It’s virtually impossible to achieve all the goals outlined in the State Armament Program, but I think it is possible to come close. A lot will depend on the ability of the Defense Ministry to reform the industry by, for example, streamlining a lot of these big holding companies. Some of them work very well, but there are enterprises that are inefficient, or don’t really do much and are almost bankrupt. A lot of those need to be shut down, but that would be a big change in how the defense industry operates. Whether they are able to do that is still an open question, as is the extent to which the military and the government can control this process.

And corruption is still one of the biggest stumbling blocks. There’s still so much money that gets wasted in various ways.

Dmitry Gorenburg, Senior Analyst and Director of Russian and East European Programs, CNA Corporation.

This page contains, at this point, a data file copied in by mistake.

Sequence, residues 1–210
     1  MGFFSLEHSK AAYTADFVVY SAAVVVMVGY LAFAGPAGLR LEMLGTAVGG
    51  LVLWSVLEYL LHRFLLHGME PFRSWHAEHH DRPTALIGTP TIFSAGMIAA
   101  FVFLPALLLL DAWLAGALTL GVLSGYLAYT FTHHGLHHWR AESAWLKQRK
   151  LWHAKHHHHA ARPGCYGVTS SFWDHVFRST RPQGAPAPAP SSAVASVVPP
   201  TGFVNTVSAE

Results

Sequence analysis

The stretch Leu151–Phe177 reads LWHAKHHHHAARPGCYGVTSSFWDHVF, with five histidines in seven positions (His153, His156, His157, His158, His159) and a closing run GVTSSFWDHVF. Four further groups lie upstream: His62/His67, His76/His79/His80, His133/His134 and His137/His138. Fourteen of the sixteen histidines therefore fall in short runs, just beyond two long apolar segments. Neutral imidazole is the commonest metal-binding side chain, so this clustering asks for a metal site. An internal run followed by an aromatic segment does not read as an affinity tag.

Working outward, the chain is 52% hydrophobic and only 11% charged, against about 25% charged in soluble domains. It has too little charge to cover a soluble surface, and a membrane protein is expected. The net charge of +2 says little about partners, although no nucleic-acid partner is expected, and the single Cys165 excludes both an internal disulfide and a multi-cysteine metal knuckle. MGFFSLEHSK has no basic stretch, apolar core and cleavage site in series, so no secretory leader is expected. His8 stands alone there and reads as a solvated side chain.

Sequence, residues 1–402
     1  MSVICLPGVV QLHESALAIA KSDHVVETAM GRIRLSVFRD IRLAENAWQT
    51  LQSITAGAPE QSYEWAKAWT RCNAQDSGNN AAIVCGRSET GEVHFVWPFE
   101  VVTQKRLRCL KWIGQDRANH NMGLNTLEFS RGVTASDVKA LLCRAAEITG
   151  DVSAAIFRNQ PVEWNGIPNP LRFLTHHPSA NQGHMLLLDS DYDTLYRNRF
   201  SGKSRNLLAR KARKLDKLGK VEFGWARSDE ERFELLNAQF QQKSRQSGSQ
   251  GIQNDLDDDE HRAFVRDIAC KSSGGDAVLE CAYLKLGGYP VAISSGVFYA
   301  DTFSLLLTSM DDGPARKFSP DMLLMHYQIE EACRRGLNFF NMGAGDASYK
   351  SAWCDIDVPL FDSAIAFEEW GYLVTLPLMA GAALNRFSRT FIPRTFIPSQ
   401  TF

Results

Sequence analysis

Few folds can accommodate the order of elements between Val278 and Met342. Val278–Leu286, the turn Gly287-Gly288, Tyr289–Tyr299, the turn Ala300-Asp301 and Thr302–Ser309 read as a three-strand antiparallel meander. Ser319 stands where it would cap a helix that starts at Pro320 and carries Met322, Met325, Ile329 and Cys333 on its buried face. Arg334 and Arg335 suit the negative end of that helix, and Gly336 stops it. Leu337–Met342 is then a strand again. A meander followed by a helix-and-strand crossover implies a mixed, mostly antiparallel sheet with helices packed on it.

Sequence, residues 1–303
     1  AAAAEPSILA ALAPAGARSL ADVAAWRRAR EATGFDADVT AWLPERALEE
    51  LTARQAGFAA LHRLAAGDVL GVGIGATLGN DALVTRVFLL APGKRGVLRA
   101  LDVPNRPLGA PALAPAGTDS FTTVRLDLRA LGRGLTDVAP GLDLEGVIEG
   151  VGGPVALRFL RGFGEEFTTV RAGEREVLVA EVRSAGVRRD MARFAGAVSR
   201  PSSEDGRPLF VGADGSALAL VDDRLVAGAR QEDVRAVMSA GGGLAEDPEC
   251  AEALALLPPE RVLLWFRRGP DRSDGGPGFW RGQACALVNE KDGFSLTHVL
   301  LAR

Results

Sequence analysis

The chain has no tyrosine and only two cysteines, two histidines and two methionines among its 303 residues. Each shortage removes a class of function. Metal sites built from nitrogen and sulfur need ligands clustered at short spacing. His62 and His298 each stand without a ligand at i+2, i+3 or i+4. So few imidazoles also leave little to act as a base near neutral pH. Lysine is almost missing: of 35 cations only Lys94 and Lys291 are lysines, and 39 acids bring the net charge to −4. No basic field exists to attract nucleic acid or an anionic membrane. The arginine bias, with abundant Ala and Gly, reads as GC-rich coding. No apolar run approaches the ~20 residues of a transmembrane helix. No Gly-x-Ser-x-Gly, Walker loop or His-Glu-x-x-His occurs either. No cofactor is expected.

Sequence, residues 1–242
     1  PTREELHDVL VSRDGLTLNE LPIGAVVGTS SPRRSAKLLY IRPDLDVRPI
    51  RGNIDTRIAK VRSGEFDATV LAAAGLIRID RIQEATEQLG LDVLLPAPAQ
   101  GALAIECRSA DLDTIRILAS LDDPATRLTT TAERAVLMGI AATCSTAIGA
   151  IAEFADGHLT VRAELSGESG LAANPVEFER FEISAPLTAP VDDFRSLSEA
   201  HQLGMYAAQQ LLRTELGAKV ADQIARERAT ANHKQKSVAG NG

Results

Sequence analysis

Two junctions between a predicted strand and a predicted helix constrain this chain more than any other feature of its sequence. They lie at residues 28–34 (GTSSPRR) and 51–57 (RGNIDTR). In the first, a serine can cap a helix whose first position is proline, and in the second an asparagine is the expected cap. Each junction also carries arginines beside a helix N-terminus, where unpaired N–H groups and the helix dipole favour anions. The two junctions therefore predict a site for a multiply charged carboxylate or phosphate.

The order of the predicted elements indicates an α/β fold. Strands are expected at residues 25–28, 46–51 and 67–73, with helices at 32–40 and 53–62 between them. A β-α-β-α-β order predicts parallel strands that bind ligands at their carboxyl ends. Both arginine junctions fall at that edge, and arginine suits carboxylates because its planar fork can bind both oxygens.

Georgian-South Ossetian conflict

Obviously, Russia’s military role was decisive, but it couldn’t have been otherwise. However, Russia did not use even close to all the non-military methods available to resolve this conflict. Russia did not succeed in the political role of “peacekeeper” in relations with Georgia, South Ossetia and Abkhazia between 1992 and 2008. The military solution that was eventually chosen was not what was declared and planned initially. We must be honest about this.

It is difficult to judge the actions of President Dmitry Medvedev because the system of political and military decision-making at this level continues to be absolutely closed off to the public. Let’s be honest and admit that we don’t yet know for sure what circle of high-ranking officials and brass made the decision to introduce troops, and what opinions and arguments they had. We don’t know either who set the specific tasks for the troops. Was the opinion of all participants in this process uniform? Or did Medvedev have to adopt the position of the majority? Or, to the contrary, did the commander-in-chief have to insist on a military operation himself and assume responsibility for it? Who opposed him in this case? We don’t have answers to these questions. The same applies to later political steps on recognizing the independence of South Ossetia and Abkhazia.